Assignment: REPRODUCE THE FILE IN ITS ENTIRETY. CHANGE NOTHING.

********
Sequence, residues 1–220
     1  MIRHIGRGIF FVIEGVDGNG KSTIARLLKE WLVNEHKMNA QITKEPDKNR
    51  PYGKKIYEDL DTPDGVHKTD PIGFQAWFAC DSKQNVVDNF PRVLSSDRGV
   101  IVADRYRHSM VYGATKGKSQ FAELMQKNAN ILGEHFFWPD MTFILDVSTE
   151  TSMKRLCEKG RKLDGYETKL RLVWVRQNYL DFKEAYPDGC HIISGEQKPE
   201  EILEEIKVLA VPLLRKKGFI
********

Sequence, residues 1–220
     1  MIRHIGRGIF FVIEGVDGNG KSTIARLLKE WLVNEHKMNA QITKEPDKNR
    51  PYGKKIYEDL DTPDGVHKTD PIGFQAWFAC DSKQNVVDNF PRVLSSDRGV
   101  IVADRYRHSM VYGATKGKSQ FAELMQKNAN ILGEHFFWPD MTFILDVSTE
   151  TSMKRLCEKG RKLDGYETKL RLVWVRQNYL DFKEAYPDGC HIISGEQKPE
   201  EILEEIKVLA VPLLRKKGFI